At this point, we will discuss one more area needed for time calculation. It is directional flow and the addition or subtraction of an hour when progressing from one time zone into another. Probably the best way to remember whether to add or to subtract the hour is to take the case of the four time zones spanned by the United States (ROMEO through UNIFORM).
Most of us have, at some time or other, watched a sporting event being played on the West Coast while we were physically located on the East Coast. In cases where the contest was held in the late afternoon or early evening in California, it was frequently dark in New York. Obviously, it was earlier in the day in California than it was in New York. Therefore, we can say with confidence that whenever traveling from a westerly direction toward a point eastward, we must add an hour each time we pass from one time zone into another. The opposite is also certainly true. When traveling from an easterly direction toward a point westward, we must subtract an hour for each new zone entered. This rule will hold true regardless of your location in the world: west to east-add, east to west subtract. Additionally, when the 0000 hour is reached, the day changes accordingly.
It is absolutely essential that you understand each of the points covered thus far in this manual before attempting to convert time. The following is a short review of these principles. Test yourself. If you do not fully understand any of them, go back and reread the related section.
1. The international Greenwich mean time (GMT) system was named for the town of Greenwich, England, as the town is located directly on the prime meridian, the point of reference for the entire system.
2. The surface of the earth is divided into 24 time zones, each spanning 15° of longitude.
3. The initial zone is zone 0 (ZULU) and spans the area 71/2' longitude east and 71/2' longitude west of the prime meridian (a total of 15°).
4. Each zone differs in time by 1 hour.
5. Each zone has a numerical, a literal, and a "+" or a "-" designator (exception: ZULU zone (0) does not have a "+" or "-" designator).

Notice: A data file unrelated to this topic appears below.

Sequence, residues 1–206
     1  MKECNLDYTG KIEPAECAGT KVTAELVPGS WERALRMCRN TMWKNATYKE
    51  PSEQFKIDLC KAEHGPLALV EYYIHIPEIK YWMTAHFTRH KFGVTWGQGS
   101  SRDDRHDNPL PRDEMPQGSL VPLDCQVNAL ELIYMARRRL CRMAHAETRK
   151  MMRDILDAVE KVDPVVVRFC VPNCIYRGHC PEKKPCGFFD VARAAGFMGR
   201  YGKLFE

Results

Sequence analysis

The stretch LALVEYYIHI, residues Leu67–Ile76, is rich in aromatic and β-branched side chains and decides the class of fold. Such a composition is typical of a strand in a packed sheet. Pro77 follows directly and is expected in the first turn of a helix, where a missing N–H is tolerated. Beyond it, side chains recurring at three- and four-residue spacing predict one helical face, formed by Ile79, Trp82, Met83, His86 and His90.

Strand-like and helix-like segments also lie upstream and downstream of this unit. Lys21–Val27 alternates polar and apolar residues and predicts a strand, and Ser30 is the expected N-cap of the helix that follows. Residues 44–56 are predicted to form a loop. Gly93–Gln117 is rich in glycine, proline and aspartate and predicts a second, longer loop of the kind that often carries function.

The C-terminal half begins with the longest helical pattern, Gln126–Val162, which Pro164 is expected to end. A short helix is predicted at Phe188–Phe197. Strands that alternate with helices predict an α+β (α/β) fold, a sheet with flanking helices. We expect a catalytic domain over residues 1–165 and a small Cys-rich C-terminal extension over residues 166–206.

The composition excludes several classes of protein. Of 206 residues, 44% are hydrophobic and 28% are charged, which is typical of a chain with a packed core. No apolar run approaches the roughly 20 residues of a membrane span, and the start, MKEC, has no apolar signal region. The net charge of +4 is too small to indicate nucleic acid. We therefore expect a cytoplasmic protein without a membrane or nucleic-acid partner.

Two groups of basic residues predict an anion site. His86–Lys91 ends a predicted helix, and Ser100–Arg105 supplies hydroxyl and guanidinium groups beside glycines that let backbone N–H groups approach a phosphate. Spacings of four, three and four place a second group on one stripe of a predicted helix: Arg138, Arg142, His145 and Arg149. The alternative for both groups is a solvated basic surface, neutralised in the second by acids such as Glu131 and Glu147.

6. The zones are numbered 1 through 12, outwardly from zone 0, throughout both the eastern and western hemispheres.
7. The zones east of ZULU are lettered ALFA through MIKE, omitting JULIETT, and each has a "-" designator.
8. The zones west of ZULU are lettered NOVEMBER through YANKEE, and each has a "+" designator.
9. At the equator there are 60 nautical miles (NMs) in a degree and each time zone spans 900 NMs; a time zone spans 15° of longitude (exception: MIKE and YANKEE-each span 7 ˝” of longitude).
10. The U.S. Navy uses the international 24-hour time system, expressed in four digits; DTGs are formed by preceding the four-digit time with a two-digit number expressing the day.
11. The International Date Line separates the designators MIKE and YANKEE (-12 and +12). The date will always change when crossing this line, regardless of the direction of crossing. When you cross the line, apply the sign of the departed hemisphere.
12. MIKE and YANKEE are one time zone of 15° longitude, sharing the same numerical designator (12). MIKE is the eastern 71/2° of longitude of this zone; YANKEE is the western 71/2° of longitude.
13. The time will change by 1 hour whenever a new time zone is entered: east to west, subtract 1 hour; west to east, add 1 hour.
14. The day changes to the next or previous day once 0000 is reached, depending upon the direction of travel.
15. The time is always the same in MIKE as it is in YANKEE, but it is never the same day.
Communications Instructions General, ACP 121(F), Annex A, Joint Chiefs of Staff, Washington, DC, 15 April 1983.